2017 Pac-12 Men's Basketball Media Day: Pac-12 task force will address threats to integrity of college sports
SAN FRANCISCO – Pac-12 Commissioner Larry Scott is convening a task force toward correcting the issues brought to light by the FBI investigation into corruption in college basketball that led to the arrests of four assistant coaches, including Arizona’s Emanuel Richardson and USC’s Tony Bland.
The task force also plans to look beyond basketball, into "systematic issues" threatening college sports.
“Protection of our student-athletes and of the integrity of collegiate sports are our most important priorities,” Scott said here at 2017 Pac-12 Men’s Basketball Media Day on Thursday. “The FBI charges that we all have read are deeply troubling. Not just to myself and to the Conference, but to all of our schools.”
On Wednesday, the NCAA announced the formation of a Commission on College Basketball, also in response to the FBI investigation. Scott's said the Pac-12 task force will support the NCAA's effort. It also has a broad scope. The Pac-12 Task Force will propose reforms to protect all student-athletes, according to a release issued by the Pac-12 Thursday morning.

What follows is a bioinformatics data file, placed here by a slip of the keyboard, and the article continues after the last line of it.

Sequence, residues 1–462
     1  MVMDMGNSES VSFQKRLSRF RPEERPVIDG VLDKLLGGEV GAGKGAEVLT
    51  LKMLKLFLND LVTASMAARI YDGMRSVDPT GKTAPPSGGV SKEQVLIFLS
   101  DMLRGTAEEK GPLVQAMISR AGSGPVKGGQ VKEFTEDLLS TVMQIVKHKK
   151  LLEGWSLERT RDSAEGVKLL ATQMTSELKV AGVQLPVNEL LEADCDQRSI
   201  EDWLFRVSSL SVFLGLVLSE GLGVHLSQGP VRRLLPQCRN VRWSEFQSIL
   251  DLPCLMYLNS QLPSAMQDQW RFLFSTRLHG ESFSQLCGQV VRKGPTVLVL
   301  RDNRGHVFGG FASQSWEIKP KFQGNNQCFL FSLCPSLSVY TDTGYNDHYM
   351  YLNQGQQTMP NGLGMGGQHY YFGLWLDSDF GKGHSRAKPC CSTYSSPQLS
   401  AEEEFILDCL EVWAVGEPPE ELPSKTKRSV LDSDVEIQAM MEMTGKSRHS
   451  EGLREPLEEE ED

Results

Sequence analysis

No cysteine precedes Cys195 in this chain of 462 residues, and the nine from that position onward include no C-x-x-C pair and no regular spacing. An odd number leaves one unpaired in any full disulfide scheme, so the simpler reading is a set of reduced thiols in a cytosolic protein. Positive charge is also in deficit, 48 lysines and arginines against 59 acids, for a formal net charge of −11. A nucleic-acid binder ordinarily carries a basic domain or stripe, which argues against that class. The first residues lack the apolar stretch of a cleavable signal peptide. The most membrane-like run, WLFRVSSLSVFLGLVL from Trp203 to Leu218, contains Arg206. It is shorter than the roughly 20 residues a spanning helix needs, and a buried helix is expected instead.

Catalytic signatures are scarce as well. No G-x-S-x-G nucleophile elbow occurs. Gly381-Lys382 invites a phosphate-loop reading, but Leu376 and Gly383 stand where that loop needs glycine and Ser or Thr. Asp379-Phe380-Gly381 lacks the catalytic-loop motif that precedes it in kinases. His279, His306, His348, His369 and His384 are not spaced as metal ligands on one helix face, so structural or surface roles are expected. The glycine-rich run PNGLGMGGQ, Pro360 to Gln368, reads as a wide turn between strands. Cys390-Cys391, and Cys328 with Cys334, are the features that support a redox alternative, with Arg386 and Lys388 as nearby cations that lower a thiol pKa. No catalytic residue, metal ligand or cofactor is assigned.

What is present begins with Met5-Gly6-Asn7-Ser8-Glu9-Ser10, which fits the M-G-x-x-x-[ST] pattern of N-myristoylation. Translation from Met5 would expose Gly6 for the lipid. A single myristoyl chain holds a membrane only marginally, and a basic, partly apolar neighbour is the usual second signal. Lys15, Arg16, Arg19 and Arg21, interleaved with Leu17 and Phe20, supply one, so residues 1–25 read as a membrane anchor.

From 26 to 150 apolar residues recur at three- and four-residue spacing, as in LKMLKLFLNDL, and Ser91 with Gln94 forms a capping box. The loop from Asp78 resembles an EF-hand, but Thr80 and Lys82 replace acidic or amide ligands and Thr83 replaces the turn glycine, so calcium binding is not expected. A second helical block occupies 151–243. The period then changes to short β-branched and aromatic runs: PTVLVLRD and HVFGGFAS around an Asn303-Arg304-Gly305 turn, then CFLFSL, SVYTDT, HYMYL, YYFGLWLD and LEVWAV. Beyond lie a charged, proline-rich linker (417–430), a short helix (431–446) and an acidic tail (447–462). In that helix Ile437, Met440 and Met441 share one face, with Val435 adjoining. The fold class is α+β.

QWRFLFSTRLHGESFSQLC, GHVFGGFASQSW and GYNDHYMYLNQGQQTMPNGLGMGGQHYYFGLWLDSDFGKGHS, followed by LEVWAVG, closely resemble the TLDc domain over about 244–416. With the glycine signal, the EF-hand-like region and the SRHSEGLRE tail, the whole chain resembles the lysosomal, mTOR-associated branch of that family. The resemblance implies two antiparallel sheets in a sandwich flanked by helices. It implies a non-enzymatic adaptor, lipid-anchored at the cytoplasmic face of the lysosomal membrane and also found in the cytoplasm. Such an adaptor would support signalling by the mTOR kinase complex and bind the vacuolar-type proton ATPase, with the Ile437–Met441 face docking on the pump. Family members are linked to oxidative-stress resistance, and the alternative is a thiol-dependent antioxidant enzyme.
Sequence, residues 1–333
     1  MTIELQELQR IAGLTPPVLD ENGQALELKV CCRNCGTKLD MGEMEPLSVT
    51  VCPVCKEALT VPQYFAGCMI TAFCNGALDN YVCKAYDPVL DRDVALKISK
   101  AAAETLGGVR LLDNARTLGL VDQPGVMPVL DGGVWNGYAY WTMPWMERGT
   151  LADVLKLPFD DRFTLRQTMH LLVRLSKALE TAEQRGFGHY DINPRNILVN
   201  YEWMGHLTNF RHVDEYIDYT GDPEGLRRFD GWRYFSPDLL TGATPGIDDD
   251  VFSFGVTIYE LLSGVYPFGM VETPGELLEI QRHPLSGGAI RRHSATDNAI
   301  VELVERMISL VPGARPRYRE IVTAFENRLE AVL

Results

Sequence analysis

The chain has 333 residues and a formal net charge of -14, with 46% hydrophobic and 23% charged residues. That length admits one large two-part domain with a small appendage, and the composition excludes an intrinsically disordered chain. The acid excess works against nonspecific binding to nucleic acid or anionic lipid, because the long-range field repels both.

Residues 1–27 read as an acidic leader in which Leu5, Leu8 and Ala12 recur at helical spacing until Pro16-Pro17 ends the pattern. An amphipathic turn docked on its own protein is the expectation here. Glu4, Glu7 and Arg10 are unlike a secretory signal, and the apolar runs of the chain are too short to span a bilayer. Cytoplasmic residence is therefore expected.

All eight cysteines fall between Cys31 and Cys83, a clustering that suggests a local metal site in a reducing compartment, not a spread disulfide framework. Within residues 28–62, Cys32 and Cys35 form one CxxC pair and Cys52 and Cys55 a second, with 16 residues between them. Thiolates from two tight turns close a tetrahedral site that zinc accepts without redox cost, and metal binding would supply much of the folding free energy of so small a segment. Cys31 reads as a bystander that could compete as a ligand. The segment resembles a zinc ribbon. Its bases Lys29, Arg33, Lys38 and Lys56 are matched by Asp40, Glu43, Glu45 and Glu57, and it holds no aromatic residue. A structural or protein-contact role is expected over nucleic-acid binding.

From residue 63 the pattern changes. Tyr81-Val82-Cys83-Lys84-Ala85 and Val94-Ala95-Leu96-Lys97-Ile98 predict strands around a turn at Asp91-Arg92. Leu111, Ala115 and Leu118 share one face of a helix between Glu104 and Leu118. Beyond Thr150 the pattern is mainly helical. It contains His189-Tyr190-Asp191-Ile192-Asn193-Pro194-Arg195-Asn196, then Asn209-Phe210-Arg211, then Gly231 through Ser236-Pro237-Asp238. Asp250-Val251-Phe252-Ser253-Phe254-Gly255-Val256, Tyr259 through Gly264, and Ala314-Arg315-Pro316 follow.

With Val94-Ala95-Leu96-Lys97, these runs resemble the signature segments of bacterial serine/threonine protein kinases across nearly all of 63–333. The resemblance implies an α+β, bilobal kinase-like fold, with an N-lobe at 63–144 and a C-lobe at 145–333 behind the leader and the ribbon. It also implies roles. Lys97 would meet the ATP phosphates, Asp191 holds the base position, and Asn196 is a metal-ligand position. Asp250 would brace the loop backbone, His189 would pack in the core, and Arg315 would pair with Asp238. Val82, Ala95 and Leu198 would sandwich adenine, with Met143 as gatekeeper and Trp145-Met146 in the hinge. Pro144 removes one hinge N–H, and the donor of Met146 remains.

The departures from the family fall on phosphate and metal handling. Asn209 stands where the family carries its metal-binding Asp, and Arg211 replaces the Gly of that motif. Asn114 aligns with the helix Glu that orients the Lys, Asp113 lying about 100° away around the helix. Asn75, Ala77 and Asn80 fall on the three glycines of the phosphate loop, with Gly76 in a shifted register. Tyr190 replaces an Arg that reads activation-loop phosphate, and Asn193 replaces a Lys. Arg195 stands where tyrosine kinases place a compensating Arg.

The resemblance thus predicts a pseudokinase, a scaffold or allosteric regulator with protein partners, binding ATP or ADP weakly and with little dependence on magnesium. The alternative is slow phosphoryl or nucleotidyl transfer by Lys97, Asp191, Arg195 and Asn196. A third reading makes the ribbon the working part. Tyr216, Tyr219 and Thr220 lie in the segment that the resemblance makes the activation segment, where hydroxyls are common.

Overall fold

Notably, the Pac-12 task force will "take advantage of the expertise we have directly and indirectly through our Conference, from coaches to administrators, former student-athletes, shoe and apparel companies based here in the West, agents, folks associated with the AAU... all of those that are involved in the pathway from youth basketball to college and the NBA," Scott said.
The first five people named to the task force are Pac-12 athletic directors Dan Guerrero and Chris Hill, former coach Mike Montgomery (who is also serving on the NCAA Commission on College Basketball), FOX Sports analyst Charles Davis, and administrator Tom Jernstedt. Additional members will be named in the near future.
"The goal of our Pac-12 Task Force is to tackle the issues that have been raised in men’s college basketball and to suggest reforms that ensure that we stay ahead of potential more far reaching issues, in particular in the area of recruitment across college sports where in many cases the influence of third parties is growing,” Scott said.
“We are going to be part of developing specific and concrete reform measures nationally and within our own conference to ensure that the great benefits of collegiate athletics remain strong for many years to come,” Scott said. “For our current 7,000 student-athletes and the many more to follow in the years ahead.”
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